SALT LAKE CITY — William Dale Peterson, 70, told a Utah House committee that he is dying. So did 71-year-old Thomas Florence. And Larry Boynton testified that his wife of 46 years, Barbara, died Saturday.

All three suffer or suffered from mesothelioma brought on by years of exposure to asbestos.

The three men implored the House Business and Labor Committee to reject a bill that they say would delay or deny their ability to collect compensation through the legal system.

"It's only a matter of time before this disease takes my life, which is now measured in days and weeks rather than in months and rather than in years," said Florence, who worked for Utah Associated Municipal Power Systems. "If this bill passes, it will stop my case and delay my case for no good reason. And mostly make it that I don't see my day in court."

HB403, titled Asbestos Litigation Transparency Act, would require plaintiffs to fully disclose their asbestos exposure as they pursue claims through the courts and a federal asbestos trust fund. The bill prohibits a case from going to trial for at least six months after plaintiffs have made those disclosures.

House Majority Assistant Whip Brad Wilson, R-Kaysville, told the committee that plaintiffs are "double dipping." Limited coordination and transparency between the two paths for compensation has resulted in suppression of evidence in asbestos cases and potential fraud, according to the bill.

At least six states, he said, have adopted legislation to address the problem.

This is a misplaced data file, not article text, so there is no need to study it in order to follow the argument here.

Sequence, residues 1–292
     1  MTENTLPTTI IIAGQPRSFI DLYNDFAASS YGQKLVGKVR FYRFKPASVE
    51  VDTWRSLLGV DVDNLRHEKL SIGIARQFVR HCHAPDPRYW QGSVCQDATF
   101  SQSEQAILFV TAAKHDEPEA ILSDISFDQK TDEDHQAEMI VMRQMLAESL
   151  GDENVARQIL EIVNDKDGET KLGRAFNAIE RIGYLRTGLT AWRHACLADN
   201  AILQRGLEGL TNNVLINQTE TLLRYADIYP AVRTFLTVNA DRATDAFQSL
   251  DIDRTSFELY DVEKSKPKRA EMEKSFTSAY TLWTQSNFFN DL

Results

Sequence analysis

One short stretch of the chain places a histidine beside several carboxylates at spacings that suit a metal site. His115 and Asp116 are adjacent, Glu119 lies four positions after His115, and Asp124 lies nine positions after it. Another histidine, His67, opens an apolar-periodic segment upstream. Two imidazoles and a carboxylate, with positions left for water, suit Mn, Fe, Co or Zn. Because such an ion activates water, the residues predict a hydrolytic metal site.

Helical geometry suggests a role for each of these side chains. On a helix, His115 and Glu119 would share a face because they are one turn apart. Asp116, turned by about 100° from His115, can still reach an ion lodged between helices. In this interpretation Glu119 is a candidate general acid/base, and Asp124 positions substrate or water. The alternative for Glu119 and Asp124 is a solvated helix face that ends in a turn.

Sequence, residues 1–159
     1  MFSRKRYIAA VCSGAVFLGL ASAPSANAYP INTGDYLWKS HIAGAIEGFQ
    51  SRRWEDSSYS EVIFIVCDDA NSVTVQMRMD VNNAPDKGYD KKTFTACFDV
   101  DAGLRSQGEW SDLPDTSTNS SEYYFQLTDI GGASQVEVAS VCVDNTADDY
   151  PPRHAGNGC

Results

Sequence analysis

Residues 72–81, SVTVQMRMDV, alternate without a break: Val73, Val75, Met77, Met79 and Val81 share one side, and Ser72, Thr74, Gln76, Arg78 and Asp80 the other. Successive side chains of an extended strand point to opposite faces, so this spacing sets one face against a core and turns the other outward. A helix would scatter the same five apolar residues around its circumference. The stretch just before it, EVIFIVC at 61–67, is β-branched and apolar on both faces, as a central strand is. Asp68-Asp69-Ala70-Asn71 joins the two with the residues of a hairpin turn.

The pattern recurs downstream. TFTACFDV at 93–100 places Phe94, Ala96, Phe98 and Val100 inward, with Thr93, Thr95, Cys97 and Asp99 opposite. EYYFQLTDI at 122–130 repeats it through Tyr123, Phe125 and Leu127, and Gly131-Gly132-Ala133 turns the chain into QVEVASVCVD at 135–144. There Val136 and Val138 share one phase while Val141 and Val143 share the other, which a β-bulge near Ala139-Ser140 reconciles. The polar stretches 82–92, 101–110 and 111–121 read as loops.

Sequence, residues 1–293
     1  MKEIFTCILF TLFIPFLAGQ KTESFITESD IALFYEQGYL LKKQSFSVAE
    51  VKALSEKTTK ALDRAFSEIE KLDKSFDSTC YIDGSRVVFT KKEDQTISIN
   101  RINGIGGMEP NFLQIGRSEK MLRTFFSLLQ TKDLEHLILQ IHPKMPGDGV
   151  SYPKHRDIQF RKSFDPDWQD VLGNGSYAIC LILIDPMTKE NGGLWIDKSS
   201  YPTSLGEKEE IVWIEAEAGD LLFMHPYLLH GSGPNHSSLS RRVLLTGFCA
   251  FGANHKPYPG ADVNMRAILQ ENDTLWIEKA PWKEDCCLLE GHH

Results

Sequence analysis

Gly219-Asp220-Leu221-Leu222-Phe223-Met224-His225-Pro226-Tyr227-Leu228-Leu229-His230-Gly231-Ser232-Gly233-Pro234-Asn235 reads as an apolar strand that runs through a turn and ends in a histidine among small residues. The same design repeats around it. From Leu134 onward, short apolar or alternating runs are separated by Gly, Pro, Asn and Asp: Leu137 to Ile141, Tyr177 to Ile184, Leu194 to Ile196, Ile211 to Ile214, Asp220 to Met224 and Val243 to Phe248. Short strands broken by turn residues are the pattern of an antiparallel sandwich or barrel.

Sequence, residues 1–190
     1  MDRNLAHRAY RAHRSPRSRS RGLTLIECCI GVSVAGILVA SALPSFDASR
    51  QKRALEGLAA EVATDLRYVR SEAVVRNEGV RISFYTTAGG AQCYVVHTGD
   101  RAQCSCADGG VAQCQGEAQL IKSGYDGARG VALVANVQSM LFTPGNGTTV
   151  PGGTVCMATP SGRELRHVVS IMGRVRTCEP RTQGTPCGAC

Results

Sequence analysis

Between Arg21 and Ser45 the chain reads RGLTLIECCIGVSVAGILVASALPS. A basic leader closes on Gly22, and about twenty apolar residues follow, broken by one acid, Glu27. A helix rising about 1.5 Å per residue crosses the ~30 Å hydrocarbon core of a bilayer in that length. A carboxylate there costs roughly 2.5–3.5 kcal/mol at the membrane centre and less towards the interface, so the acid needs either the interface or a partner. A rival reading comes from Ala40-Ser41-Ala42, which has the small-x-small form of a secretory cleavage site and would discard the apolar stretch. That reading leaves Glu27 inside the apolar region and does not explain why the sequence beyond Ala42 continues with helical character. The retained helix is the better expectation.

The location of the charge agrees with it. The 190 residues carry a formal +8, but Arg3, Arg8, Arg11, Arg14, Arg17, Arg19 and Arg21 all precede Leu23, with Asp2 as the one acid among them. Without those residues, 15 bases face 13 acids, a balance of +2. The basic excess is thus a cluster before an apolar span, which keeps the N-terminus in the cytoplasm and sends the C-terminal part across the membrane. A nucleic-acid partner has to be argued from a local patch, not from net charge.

The committee voted 7-3 to advance the legislation, but with some reservations. Wilson agreed to work with the various parties to resolve their differences before the bill hits the House floor.

Phil Goldberg, an attorney representing the U.S. Chamber of Commerce's Institute for Legal Reform, told the committee that the bill promotes honesty in litigation and allows a jury to be fully informed. He said creative lawyers have found ways to "game" the system.

Goldberg said 60 asbestos trusts have $36.8 billion in assets. In addition to suing in court, plaintiffs file on average against 18 to 20 trusts, he said.

"This does not in any way affect someone's right to have their day in court," he said.

Park City attorney Rick Nemeroff, who represents Peterson and Florence, said the bill is a solution in search of a problem. He called it an out-of-state legislative attack on a system that works fine in Utah. Double dipping, he said, doesn't exist.

"I'm offended that I'm being accused of gaming the system," he said. "There is no fraud. There is no crisis."

Wilson disagreed that it's not a problem in Utah and that the bill is being imposed by outside interests. States around the country, he said, are passing legislation to deal with it.

Time limits in the bill would stop the legal process and put an unfair burden on the plaintiffs, Nemeroff said.

Peterson worked around asbestos at Utah Power & Light for 32 years. He said the makers of those products profited for years and none of them included warnings about the hazards of asbestos.

"I had no idea that these asbestos products would cause me to get a terminal cancer," he told lawmakers. "This robbed us all of the choice and ability to protect ourselves."

Boynton said it took doctors six months to diagnose his wife. She learned she had mesothelioma Feb. 9. She died Feb. 27.

"Time is a commodity that victims of this disease have very little of," Boynton said. "Utah should help suffering, not create unnecessary hurdles."

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